Back in 1994, my Dad decided we needed a minivan and we test-drove a Windstar. We ordered a GL in this very shade (“Tuscan Bronze”), not knowing what it would look like. Once we saw it, we were in shock, promptly said “NO”, and instead ordered an LX model in a much more attractive shade called Champagne. It took us six months to get it. Was it worth the wait?
We left two weeks later for a five week trip from Florida to Tennessee and then to Michigan and back. Other than an issue with the brakes that turned out to be very minor, the van gave us no problems for the year and a half we had it. The only reason Dad got rid of it was because Mom didn’t like to drive it, and so it was swapped out for a new Explorer. Given what a bad reputation these vans have acquired due to blown 3.8 L head gaskets, grenaded transmissions and premature structural rusting (mostly 1998-2003 models), that was probably a good call by Mom. A woman’s intuition?
Granted Ford had the FWD Mercury Villager and RWD Aerostar to go head to head with GM and Chrysler, but they realized that they could possibly one-up the competition by doing a large front-drive van. The Taurus platform provided the basis, and from there the Windstar was born! It came out in January 1994 as an early 1995 model. At first it was only offered with the 3.8 V6 and four speed auto transmission straight from the Taurus/Sable/Continental. For such a large van it proved to be surprisingly quick off the line. It had a longer wheelbase than the competition so it had a very smooth ride.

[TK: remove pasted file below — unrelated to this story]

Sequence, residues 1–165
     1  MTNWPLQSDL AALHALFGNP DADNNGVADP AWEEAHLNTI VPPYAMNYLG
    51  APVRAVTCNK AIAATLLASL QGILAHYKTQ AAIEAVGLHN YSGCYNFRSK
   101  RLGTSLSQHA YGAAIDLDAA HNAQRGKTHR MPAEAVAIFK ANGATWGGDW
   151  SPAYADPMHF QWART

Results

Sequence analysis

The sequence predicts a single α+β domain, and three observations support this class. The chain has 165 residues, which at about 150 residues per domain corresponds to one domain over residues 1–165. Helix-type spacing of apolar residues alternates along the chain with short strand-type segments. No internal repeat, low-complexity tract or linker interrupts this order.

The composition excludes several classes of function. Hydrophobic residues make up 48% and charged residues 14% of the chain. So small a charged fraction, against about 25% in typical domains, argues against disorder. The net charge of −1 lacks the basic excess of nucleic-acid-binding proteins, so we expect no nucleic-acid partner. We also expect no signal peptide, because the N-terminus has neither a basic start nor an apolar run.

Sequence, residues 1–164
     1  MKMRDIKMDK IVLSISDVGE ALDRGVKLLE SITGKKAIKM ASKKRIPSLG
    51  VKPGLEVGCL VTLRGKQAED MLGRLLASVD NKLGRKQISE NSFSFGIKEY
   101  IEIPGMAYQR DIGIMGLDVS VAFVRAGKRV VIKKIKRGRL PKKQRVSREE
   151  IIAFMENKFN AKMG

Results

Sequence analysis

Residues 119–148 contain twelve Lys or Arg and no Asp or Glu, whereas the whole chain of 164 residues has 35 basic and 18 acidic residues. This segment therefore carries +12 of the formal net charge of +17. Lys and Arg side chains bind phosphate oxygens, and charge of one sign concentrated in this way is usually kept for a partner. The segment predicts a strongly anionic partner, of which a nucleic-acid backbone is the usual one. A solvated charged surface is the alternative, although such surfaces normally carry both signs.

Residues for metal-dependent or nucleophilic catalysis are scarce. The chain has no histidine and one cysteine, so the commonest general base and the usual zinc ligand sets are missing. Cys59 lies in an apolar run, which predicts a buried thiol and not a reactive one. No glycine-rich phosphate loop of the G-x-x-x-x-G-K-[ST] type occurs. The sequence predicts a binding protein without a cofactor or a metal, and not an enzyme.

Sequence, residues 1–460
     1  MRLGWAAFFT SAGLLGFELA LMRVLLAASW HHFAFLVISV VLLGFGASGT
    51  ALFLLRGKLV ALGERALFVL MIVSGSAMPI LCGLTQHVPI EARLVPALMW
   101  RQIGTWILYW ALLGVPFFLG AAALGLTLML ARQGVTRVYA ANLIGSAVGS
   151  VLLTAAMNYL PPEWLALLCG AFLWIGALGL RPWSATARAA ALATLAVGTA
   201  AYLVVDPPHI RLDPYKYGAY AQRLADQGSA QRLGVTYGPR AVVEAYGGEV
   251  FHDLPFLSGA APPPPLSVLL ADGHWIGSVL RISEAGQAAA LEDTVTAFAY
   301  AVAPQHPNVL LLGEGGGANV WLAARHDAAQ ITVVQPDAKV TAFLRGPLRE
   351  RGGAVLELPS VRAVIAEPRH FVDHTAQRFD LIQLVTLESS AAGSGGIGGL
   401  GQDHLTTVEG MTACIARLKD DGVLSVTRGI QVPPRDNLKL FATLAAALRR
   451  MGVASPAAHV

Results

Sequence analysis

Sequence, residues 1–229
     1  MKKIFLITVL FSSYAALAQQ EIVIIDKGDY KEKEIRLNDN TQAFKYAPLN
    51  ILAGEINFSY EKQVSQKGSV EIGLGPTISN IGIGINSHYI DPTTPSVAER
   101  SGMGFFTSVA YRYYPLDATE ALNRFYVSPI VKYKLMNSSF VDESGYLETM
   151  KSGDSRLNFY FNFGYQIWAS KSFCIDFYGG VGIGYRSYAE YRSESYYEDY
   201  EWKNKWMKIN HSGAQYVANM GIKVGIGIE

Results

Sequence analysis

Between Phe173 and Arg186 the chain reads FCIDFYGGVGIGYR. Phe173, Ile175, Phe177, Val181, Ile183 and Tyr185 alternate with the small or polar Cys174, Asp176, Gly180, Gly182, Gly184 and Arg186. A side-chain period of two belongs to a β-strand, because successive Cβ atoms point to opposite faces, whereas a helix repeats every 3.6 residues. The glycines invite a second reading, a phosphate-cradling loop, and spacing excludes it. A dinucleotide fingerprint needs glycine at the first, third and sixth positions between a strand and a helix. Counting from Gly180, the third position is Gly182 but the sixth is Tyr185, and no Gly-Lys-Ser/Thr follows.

The Windstar offered an attractive interior that featured a curved dashboard. When these debuted, the buff books promptly declared that the Windstar was the new King of the Minivans. Unfortunately for Ford, that title only lasted for one year, as the 1996 Chrysler Minivans outclassed all the others overnight.
The biggest advantage the Chryslers offered was the driver side sliding door. Ford claimed that they tossed around the idea in the consumer clinics, but the idea didn’t spark enough interest to make it worth doing.
By 1996 Ford found themselves with a bit of a turd on their hands, if for no other reason than the lack of that fourth door. As a stop-gap, they came up with the extended length drivers door, and included it on the early 1998 Windstars. This would have to do until the redesigned 1999 models with a proper driver’s side rear door would debut.
The Windstar sold reasonably well, averaging around 200k annual sales through 2000; then sales started a long decline. The renamed “Freestar” that appeared in 2003 did nothing to stem that terminal decline; if anything, sales dropped even faster. All 0f 2,390 Freestars were sold as 2007s before the plug was pulled. Ford had joined GM in being unable to make a successful mini-van, leaving the market to Chrysler and the Japanese (unless one counts the Flex as a mini-van).